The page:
Did you know that all licensed venues in New Zealand are required to sell a low alcohol beer? I didn’t. And until last year I wouldn’t have cared because who in their right mind would drink low alcohol beers? They taste dreadful and are an inefficient way to get drunk.
Then I decided I was bored of getting drunk. I won’t go into the details but there was an event which we refer to among my close friends as ‘The Regret’ – after that I lost interest in drinking my body’s weight in beer, wine and tequila every big night out. Another major flaw in the ‘big nights’ strategy was the two-day hangover. Really wrecked my productivity, although it did support such local businesses as Auckland Co-op Taxis and McDonald’s New North Road.
Low alcohol beer became the secret sauce to my sober Big Mac. It turns out that some of the brews even taste great now. The difficult thing about socialising in New Zealand as a non-drunk is that most of our social events are centred around alcohol. More about that later but for me, because I love the taste of beer and couldn’t get enthused about the OJ or tepid water on offer for abstainers, low alcohol beer was the perfect way to have it all.
It’s a dream strategy – you have something which looks and tastes like beer, there’s a little thrill of slight intoxication, but you can still drive home because it’s self-limiting. Based on my extensive empirical investigations, it’s very hard to drink buckets of the stuff. The lower percentage concentration of alcohol seems to stop me from drinking litres and litres to the absence of any good effect like you do (like I do) with the higher percentage products.
So in the tradition of nanny state policy-making I’ve had some great ideas about how everyone can be forced into making the exact same life choices I’ve made.
Just kidding. But I do think that if we want to shift our problematic relationship with alcohol in New Zealand, we need to consider harm reduction as the main priority. And the relationship is problematic, we know this. It’s not just the inescapable ubiquity of alcohol-soaked social occasions for corporate types and the suburban middle-class – it’s the proliferation of liquor retailers in poorer communities and the intransigence of local authorities in responding to those communities’ concerns.
It’s the impact of hazardous drinking on mental health, emergency department admissions and violence. I’m not suggesting my newfound enthusiasm for low alcohol beer as a solution to my very middle-class alcohol-related problems will be a quick fix for these things. Increased drug and alcohol treatment funding (noticeably and disappointingly absent from the recent Budget) is needed. And some local alcohol policies with teeth and some common sense from the Advertising Standards Authority to act quickly to limit misleading campaigns like the recent, dreadful ‘Beer the Beautiful Truth’ which seemed to suggest beer is a healthy nutritious product.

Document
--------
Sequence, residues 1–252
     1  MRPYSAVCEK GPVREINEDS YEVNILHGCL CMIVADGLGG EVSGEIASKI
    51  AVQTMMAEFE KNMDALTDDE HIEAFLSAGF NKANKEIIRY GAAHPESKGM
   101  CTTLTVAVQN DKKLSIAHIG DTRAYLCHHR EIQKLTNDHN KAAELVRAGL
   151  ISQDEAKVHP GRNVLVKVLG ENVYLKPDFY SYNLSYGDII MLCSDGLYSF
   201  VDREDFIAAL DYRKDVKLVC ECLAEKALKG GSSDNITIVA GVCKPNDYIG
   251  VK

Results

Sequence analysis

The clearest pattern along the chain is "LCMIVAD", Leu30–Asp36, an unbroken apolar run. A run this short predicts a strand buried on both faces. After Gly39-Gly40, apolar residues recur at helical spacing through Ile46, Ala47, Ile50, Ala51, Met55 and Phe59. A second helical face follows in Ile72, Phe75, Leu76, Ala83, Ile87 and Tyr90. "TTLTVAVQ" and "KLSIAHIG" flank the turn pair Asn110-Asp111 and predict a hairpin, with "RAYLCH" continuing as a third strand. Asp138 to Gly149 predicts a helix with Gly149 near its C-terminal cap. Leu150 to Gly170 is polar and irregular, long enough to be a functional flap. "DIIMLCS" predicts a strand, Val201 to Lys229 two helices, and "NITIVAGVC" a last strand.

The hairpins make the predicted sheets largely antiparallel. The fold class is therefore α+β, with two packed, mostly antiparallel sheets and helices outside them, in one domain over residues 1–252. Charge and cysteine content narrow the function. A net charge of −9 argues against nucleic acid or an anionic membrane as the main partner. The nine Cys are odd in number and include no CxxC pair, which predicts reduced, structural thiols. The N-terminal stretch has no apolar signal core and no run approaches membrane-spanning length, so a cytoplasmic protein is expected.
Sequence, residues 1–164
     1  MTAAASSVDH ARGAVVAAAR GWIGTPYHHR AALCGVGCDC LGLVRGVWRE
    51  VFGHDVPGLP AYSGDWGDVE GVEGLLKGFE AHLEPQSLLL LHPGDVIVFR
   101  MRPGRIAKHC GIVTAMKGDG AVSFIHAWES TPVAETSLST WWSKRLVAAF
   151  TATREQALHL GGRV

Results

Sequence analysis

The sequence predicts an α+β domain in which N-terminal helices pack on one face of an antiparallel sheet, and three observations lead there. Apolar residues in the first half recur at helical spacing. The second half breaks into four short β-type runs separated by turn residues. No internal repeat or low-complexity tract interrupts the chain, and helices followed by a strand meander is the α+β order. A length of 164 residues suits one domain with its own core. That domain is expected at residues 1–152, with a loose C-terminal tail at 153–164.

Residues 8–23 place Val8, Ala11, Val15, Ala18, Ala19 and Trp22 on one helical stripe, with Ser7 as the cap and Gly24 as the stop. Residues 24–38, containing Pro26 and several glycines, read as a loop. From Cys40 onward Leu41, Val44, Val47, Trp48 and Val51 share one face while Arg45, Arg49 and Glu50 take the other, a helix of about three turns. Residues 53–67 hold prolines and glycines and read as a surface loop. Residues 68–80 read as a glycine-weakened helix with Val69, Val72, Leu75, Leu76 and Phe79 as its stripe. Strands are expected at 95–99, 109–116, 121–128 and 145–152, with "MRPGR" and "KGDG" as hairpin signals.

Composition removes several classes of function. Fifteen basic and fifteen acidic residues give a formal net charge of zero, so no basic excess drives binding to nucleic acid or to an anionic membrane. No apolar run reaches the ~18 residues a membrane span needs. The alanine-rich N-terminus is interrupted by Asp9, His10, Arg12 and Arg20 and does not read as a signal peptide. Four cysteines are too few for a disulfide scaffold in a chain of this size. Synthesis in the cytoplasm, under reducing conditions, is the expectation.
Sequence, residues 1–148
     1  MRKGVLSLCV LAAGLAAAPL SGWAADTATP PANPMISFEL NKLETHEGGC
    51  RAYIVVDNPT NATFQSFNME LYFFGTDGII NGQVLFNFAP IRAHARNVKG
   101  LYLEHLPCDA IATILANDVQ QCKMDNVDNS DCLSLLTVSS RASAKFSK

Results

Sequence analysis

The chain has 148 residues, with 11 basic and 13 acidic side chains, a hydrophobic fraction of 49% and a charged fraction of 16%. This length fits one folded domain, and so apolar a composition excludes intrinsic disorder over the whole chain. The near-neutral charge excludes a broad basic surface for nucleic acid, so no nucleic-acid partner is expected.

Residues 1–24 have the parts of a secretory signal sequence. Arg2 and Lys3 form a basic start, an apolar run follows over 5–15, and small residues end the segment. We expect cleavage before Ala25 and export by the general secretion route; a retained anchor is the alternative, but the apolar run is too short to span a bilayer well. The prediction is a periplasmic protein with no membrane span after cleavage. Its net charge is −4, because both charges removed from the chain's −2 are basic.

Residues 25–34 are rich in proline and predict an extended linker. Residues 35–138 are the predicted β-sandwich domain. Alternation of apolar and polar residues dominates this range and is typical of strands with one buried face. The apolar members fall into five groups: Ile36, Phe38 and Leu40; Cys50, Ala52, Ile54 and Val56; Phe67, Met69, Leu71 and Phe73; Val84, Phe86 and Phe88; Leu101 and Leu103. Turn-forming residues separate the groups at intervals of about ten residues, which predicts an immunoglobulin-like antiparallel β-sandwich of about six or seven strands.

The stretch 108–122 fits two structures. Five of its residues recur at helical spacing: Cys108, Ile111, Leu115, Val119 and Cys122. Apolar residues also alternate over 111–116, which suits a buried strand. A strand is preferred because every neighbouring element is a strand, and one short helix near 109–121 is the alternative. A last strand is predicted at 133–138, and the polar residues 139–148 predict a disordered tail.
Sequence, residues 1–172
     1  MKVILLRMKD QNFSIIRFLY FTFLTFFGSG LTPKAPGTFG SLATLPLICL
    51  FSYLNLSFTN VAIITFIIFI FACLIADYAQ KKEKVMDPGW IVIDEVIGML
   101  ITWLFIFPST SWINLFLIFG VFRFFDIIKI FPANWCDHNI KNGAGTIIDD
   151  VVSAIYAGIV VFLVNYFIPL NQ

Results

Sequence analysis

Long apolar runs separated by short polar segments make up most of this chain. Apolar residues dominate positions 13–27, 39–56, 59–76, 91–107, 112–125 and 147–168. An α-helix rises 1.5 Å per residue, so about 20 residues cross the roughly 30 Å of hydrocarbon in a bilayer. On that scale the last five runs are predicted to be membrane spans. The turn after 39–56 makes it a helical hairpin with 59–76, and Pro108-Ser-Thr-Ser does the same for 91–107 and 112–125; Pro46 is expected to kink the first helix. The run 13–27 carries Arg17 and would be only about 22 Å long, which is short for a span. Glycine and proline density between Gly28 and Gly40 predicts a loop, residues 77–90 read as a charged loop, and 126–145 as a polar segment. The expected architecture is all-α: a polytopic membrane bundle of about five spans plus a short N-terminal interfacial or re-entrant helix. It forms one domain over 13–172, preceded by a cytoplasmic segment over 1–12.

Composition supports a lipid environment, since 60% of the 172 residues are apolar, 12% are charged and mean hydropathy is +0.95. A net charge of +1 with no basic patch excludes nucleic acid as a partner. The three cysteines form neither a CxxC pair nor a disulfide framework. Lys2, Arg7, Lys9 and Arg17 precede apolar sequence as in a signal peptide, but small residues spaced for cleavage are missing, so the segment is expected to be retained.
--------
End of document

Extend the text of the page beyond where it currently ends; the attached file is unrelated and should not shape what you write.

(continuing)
There is some good news too. There’s a generational shift happening in alcohol consumption. Youth drinking is decreasing. Young people are remaining alcohol-free until later in their teens, and they’re reporting less hazardous drinking behaviour. It’s still higher in the 18-24 age bracket than any other, but they have decreased from 10 years ago and rates have dropped dramatically in under 18s. A friend of mine told me her 19-year-old daughter might buy one or two drinks on a night out, mainly to get a perfect selfie with a cocktail, and then if any guys try to buy her drinks she tells them she’d rather have some fries. A) That girl is a legend and B) The kids are going to be all right, eh.
This isn’t the purest public health message. I can see future career opportunities drying up as I write these words. Obviously alcohol is a toxin and it does terrible things to us and puts us at risk of terrible things. Here’s the thing though – the biggest drinkers I know are middle-aged, middle-class people who know all there is to know about the risks of alcohol (they read The Listener) and they drink heaps anyway. This is supported by the Ministry of Health’s data which tells us that problem drinking among 45-54 year-olds has almost doubled over 10 years. Some wonderful work has been done by people like Lotta Dann over at www.livingsober.org.nz and the personal stories like this extraordinary piece by Nadine Hura show the impact of the cultural norms around our approach to alcohol. For those wanting to ditch alcohol completely I highly recommend seeking out supportive communities like the one Lotta (Mrs D) has formed.
But in my view we should also be realistic and realise we won’t shift all problem drinkers into abstinence, or at least not the first time around. Why not meet them halfway with some good quality lower percentage booze, perhaps at a lower cost than other products, maybe make them pay a bit more if they really want to obliterate their livers with higher percentage alcohol and see if that shifts the culture. You don’t need to crank the dial too far to get a decent effect. Even a small reduction in alcohol consumption is good for your health and maybe it’ll eventually mean we don’t always need to get pissed just to hang out.